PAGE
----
Private insurance companies can't compete with Medicare when it comes to pleasing their members, including access to quality and affordable healthcare, according to a survey published Wednesday in the journal Health Affairs.
"The evidence reported here … shows that Medicare is doing a better job than employer-sponsored plans at fulfilling the two main purposes of health insurance: ensuring access to care and providing financial protection," the Commonwealth Fund study states.
Only 8 percent of Medicare members considered their coverage "fair" or "poor," whereas 20 percent of people with employer-based health plans rated their insurance with such average and low marks. Thirty-three percent of people with individual coverage also reported being unhappy with their plan, according to the Los Angeles Times.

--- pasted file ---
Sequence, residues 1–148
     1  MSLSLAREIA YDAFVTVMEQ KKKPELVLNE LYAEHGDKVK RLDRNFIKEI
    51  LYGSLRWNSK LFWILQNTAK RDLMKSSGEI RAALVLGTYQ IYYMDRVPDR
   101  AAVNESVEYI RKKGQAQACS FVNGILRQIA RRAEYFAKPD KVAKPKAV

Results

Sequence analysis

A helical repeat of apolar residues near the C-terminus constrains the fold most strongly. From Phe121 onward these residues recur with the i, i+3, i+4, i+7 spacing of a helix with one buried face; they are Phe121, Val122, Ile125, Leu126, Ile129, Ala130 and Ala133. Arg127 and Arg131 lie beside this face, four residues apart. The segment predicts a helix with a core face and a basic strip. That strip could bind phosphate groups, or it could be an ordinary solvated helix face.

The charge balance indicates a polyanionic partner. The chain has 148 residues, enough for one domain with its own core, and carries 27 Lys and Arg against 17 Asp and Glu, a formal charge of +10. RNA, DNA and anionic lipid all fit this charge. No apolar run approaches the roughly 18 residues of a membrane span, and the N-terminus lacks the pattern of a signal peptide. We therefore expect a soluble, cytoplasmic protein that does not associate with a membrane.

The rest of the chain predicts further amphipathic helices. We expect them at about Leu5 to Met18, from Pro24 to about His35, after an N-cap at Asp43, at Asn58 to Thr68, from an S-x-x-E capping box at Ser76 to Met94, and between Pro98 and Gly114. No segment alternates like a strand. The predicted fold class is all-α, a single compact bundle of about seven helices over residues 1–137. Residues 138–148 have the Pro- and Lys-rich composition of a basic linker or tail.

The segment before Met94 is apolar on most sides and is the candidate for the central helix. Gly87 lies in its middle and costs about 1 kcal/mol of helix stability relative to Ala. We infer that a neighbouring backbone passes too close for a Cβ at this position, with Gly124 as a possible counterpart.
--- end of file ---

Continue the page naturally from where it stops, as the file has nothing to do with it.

What's more, Medicare members reported better healthcare access and fewer problems paying medical bills or accessing care because of cost. Almost 40 percent of adults with private plans reported at least one problem accessing care due to cost, compared to 23 percent of adults with Medicare. Twenty-seven percent of people with private plans reported difficulties paying bills, whereas only 13 percent of Medicare beneficiaries had similar problems, the Health Affairs blog reported.
These survey findings raise policy implications as lawmakers consider whether to privatize Medicare. "The survey results suggest that simply shifting more beneficiaries into private plans could leave them at increased risk for negative insurance experiences, problems obtaining needed care and difficulties with medical bills," the authors wrote.
"There are a lot of myths out there," Karen Davis, lead author and Commonwealth Fund president, told the LA Times. "It is important to remember how well Medicare performs."